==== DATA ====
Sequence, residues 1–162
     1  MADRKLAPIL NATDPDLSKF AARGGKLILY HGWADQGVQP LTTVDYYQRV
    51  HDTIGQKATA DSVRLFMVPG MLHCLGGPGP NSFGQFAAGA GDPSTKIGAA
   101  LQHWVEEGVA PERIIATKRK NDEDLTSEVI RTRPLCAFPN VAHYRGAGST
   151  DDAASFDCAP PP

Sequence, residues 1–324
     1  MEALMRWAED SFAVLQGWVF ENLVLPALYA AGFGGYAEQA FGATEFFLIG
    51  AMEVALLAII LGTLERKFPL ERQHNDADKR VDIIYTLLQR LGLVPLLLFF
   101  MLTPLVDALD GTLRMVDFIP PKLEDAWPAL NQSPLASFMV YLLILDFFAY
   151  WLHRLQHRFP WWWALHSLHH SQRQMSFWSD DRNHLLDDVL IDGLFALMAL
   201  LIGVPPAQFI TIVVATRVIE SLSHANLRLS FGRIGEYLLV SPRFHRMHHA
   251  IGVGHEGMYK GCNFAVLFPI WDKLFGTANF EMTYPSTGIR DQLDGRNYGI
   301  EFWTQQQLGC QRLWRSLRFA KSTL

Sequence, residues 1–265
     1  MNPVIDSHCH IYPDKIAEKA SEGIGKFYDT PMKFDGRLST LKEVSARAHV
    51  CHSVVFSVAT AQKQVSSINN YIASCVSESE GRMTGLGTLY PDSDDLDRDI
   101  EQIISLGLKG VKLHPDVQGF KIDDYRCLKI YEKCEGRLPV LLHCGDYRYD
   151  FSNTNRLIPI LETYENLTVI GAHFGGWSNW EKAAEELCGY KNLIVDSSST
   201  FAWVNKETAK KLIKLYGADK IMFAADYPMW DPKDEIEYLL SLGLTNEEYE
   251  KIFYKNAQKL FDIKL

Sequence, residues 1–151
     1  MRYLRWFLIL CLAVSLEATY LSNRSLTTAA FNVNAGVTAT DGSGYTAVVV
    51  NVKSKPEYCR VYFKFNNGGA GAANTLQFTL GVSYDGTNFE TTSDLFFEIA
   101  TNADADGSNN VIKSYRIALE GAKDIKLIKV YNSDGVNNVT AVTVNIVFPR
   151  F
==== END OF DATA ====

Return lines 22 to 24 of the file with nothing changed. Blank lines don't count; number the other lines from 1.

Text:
     1  MRYLRWFLIL CLAVSLEATY LSNRSLTTAA FNVNAGVTAT DGSGYTAVVV
    51  NVKSKPEYCR VYFKFNNGGA GAANTLQFTL GVSYDGTNFE TTSDLFFEIA
   101  TNADADGSNN VIKSYRIALE GAKDIKLIKV YNSDGVNNVT AVTVNIVFPR